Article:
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Friday, May 13, 2016

Warren County ESP helps a daughter keep her promise

Center photo: Kay and Mildred receive daily meals from Warren County ESP.

Before her father, Oran, died more than four years ago, Kay made a promise: “I promised him Mom wouldn’t go to a rest home.” Every day since then has been a struggle, but Kay has kept her promise.

At the time, Oran and her mother, Mildred, were already living with Kay. But Kay’s caregiving journey started when her parents lived independently. Oran had begun showing signs of dementia in the 1970s. As her parents aged, their care needs increased.

“That’s really where my journey started,” Kay said. “Anything I needed, I had to go looking for.” Kay learned from her parents’ neighbor, that with a referral from their physician, the health department could provide help with personal care. An STNA (state tested nursing assistant), Sue, began coming twice a week to give Oran a bath.

Through Sue, the family learned about the Warren County Elderly Services Program. In 2007, the couple started receiving home-delivered meals. As their physical and cognitive health needs changed, additional services were added, including home care assistance, an emergency response system, and medical transportation.

When Oran took a fall in January 2012, his doctors recommended a move to a nursing home. He was 88 and even with help from the health department and ESP, it was no longer safe for Oran and Mildred to live alone without supervision.

Kay decided to move her parents into her Lebanon home. Over the next five months, Oran’s health declined and he began receiving hospice care. It was during that time, in an effort to put her father’s mind at ease, that Kay made her promise.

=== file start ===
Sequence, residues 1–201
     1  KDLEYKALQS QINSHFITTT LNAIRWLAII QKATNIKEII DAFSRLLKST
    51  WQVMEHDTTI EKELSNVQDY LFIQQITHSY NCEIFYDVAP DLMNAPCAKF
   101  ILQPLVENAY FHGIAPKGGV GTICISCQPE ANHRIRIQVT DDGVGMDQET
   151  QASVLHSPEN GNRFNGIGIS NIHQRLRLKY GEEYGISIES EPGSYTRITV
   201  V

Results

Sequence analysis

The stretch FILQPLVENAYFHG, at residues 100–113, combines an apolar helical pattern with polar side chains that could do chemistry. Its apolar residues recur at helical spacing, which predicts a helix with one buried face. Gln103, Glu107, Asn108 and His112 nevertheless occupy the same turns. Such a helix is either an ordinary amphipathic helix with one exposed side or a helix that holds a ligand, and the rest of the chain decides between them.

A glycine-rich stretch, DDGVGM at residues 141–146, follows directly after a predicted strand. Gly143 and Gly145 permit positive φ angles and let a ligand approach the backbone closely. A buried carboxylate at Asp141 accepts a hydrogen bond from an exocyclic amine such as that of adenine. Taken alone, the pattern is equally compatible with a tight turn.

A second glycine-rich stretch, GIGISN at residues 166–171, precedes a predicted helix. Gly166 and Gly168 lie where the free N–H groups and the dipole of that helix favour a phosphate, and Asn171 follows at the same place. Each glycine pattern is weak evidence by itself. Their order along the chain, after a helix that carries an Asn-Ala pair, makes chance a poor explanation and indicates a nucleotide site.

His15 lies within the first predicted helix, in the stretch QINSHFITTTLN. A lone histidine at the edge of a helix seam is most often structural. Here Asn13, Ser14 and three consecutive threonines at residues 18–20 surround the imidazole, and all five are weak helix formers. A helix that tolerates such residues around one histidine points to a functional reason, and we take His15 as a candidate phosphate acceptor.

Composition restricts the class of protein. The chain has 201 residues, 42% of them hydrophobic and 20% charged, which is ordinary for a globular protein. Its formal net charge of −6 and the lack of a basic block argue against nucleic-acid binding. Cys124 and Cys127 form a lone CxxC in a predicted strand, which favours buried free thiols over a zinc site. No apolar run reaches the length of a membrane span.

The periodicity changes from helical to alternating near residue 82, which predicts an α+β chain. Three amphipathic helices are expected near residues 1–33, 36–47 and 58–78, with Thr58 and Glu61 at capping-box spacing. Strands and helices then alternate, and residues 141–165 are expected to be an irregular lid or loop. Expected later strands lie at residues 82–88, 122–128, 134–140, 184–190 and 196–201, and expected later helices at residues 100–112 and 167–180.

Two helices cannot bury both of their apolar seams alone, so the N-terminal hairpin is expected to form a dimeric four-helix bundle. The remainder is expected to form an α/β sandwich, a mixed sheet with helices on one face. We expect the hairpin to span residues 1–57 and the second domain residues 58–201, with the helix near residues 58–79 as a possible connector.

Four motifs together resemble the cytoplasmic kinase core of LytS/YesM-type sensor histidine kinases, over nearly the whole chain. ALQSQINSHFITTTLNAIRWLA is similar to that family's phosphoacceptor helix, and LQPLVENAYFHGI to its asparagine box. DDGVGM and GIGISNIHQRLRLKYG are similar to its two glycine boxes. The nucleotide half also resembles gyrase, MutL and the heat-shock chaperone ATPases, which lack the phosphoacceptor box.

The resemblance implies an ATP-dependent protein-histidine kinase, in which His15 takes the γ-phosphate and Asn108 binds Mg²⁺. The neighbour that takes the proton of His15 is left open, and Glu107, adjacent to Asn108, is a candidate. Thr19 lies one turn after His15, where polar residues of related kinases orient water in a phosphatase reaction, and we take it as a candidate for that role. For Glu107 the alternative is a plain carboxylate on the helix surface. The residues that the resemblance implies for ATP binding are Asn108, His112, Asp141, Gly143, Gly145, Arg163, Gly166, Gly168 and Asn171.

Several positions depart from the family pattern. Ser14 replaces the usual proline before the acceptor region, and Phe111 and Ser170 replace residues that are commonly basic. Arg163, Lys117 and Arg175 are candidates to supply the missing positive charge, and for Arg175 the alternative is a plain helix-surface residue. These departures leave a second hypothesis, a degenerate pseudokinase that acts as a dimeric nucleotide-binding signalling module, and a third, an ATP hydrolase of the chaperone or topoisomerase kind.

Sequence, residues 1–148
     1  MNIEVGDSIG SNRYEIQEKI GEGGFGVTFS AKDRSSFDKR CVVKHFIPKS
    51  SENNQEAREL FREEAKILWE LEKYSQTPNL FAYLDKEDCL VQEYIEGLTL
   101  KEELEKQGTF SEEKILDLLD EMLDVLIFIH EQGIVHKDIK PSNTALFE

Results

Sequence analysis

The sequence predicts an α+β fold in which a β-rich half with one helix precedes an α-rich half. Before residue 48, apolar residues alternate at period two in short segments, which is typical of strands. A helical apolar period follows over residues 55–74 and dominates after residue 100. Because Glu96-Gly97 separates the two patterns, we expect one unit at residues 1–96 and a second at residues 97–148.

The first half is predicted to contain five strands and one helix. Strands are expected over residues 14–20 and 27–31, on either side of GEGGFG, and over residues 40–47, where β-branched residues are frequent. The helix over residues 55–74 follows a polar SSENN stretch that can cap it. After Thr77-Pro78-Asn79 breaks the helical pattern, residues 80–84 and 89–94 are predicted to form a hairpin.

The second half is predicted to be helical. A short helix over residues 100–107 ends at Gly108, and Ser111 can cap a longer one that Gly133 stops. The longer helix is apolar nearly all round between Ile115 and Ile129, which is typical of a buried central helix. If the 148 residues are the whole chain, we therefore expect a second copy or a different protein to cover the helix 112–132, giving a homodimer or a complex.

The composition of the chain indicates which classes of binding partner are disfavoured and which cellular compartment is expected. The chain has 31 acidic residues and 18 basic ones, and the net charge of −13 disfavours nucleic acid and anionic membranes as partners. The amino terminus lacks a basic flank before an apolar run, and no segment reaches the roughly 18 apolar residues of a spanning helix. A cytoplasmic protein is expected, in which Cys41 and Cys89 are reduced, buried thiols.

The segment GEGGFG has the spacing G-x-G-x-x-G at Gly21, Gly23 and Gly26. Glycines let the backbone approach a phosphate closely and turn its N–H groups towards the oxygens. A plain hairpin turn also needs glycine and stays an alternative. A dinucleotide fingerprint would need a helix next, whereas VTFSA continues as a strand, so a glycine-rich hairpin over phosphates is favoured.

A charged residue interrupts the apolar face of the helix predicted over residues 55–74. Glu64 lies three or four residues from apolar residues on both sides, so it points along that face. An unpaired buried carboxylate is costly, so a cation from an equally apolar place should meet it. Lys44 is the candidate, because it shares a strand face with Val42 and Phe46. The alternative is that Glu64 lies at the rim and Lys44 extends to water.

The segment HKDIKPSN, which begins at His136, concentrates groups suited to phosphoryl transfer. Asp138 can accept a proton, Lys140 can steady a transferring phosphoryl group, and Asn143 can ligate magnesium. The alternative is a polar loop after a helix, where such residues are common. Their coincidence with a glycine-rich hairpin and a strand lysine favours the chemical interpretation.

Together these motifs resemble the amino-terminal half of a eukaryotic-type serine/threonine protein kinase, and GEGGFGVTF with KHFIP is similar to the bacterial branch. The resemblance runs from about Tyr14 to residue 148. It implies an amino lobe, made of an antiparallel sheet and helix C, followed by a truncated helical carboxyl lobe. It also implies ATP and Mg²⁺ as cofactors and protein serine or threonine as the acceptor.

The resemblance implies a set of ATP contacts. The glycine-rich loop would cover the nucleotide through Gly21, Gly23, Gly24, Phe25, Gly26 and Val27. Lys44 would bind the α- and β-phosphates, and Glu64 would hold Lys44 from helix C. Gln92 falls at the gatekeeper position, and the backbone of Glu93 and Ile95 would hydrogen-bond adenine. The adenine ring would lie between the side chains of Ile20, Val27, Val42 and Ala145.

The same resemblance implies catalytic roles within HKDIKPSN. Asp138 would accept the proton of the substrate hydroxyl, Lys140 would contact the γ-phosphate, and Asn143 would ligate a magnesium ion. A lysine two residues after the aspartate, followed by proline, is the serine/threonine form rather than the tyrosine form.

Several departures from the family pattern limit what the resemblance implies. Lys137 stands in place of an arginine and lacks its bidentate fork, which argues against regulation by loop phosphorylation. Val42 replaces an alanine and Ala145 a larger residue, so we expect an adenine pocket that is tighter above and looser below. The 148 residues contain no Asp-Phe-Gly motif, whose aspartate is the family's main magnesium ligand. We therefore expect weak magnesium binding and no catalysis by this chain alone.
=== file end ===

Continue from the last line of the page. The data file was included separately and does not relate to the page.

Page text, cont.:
Mildred, 93, still lives with Kay. Joking about their living arrangement, Kay says they are “the Golden Girls.”

As is common with many caregivers, Kay’s own health has declined in the years she has cared for her parents. At 69, she has recurring sciatica and COPD. A nurse – covered through private insurance – visits regularly to monitor Kay’s health.

When Kay had knee replacement surgery in 2014, her ESP Care Manager, Brooke, worried that Kay would not follow her doctor’s orders to rest. Brooke temporarily increased Kay and Mildred’s services so Kay could focus on her recovery and therapy, and not worry about her mother.

“If I have a problem, I know who to call,” says Kay. “I have [Brooke] on speed dial.”

Through Warren County ESP, Kay and Mildred receive home-delivered meals, home care assistance, and an emergency response system for Mildred, who often forgets to use her walker and is prone to getting up in the middle of the night.

Kay also receives a few hours of respite each week so she can run errands, tend to her own health, or just have a few hours alone. The health department continues to help with bathing.

Kay says she would be trapped were it not for the network of care she and her mother receive. “I do not know what I would do without them,” Kay says. “I don’t think I could do it without them. I promised my Dad I would take care of Mom. As long as I can do it, she’s going to stay here. This is her home.”

About Warren County ESP

The Warren County Elderly Services Program helps some 2,400 eligible older adults remain safe and independent in their homes each year.  The program provides services such as home-delivered meals, personal care, and transporation to medical appointments.  Warren County ESP is funded primarily by local tax dollars via a senior services levy.  The program would not exist without the support of county taxpayers.

At the end of 2016, the tax levy that funds the Warren County ESP will expire and must go before the voters by November in order for the program to continue. Voters have shown strong support for the levy, approving it every time it has appeared on the ballot since the program began in 2002. In 2015, the levy raised $6.7 million at a cost to homeowners of $35.59 per $100,000 of real estate value.

For more information about the Warren County Elderly Services program: get a copy of the program's brochure; read about the program on COA's website; read the program's 2015 annual report; read about local tax levies that support in-home care for eligible older adults. 

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